When it comes to commercial lending, banks rely on risk models to make decisions. These models have been built up internally over decades of lending across thousands, if not tens of thousands of loans, but COVID-19 has exposed unexpected flaws in them. For example, these models are based on historic data which doesn’t adequately reflect the unique situation we now find ourselves in or take into account the future challenges that the world will be facing as it enters into the worst recession in three centuries. They also make broad assumptions about entire sectors rather than developing an understanding of the portfolio at the granular loan level and taking into account the individuality of each business.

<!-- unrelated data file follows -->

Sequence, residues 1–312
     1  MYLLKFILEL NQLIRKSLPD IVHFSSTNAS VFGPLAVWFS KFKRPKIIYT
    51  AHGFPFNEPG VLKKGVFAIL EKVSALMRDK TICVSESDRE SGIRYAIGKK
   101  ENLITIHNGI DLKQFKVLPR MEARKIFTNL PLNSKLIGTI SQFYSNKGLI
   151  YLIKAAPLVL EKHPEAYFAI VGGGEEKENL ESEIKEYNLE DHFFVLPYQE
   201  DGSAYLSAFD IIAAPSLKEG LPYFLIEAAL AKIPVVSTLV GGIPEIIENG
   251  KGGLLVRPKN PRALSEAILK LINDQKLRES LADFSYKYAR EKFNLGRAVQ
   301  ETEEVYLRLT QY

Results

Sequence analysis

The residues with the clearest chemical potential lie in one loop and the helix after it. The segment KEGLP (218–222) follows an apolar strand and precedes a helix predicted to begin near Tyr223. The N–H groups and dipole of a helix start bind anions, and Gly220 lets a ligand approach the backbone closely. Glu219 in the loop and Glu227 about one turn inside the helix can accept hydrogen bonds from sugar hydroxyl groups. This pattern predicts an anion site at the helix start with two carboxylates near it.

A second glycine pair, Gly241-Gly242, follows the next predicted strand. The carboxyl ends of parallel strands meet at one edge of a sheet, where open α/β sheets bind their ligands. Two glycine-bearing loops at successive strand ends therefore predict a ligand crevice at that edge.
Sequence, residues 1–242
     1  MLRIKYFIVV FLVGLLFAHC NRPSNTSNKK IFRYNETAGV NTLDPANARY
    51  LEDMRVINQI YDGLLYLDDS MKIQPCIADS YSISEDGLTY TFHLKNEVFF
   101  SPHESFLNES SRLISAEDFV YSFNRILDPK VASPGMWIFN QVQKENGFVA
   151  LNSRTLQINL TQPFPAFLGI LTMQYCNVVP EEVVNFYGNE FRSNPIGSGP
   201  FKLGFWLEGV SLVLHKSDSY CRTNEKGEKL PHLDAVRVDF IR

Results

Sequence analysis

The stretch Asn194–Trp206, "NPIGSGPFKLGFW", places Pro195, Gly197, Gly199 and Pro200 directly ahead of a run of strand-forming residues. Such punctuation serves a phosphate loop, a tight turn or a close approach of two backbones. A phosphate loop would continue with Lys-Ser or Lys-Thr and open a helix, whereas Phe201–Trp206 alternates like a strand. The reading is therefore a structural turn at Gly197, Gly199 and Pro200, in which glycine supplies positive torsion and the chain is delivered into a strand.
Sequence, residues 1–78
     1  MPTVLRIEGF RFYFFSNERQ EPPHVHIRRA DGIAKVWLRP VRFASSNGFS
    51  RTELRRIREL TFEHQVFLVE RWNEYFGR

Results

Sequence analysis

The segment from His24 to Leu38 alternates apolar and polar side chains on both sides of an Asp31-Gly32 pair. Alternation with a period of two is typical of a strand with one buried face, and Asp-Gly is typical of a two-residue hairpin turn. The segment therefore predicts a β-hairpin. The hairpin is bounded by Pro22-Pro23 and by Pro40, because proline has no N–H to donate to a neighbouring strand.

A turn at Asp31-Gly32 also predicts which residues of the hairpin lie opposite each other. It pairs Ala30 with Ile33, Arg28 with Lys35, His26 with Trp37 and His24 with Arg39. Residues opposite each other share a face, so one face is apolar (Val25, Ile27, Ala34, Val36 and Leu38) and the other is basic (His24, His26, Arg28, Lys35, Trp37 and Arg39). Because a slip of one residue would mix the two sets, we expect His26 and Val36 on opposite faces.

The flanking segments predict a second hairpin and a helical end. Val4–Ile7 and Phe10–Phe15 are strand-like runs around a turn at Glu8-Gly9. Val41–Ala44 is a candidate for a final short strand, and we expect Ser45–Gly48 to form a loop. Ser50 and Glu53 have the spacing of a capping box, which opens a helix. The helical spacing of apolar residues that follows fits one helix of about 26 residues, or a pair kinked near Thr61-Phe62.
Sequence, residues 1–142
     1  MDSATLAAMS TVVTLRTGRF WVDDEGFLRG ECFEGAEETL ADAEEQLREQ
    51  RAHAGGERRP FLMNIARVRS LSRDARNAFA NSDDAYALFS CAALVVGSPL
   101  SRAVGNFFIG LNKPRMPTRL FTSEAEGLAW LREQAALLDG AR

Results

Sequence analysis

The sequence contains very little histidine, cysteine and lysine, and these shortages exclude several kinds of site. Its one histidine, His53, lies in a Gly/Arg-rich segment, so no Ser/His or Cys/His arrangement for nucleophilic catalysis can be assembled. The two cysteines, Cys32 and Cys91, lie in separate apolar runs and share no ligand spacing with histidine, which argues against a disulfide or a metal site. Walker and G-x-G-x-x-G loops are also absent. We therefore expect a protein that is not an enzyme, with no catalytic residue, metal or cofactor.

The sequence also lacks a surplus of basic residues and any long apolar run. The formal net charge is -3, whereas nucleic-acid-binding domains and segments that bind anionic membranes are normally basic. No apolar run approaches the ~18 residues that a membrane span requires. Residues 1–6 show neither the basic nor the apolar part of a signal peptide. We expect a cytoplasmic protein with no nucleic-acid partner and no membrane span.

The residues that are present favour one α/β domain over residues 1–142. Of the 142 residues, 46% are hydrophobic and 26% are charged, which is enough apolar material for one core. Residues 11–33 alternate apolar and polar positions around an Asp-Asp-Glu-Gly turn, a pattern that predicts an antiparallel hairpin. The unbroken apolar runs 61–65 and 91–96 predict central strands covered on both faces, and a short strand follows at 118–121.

I believe the only way to course-correct for “the new normal” is to take a fundamentally different approach to commercial lending than what’s been done for decades, and technology will be central to this.
In the future, banks are going to have to combine backward-looking data with a forward-look view, as well as take a granular, loan-by-loan approach rather than an overall portfolio or sector-level approach to credit analysis. They are also going to have to conduct reviews on an ongoing basis, rather than annually; update parameters to reflect the ever-changing situation; and use alternative data such as foot traffic to inform their models.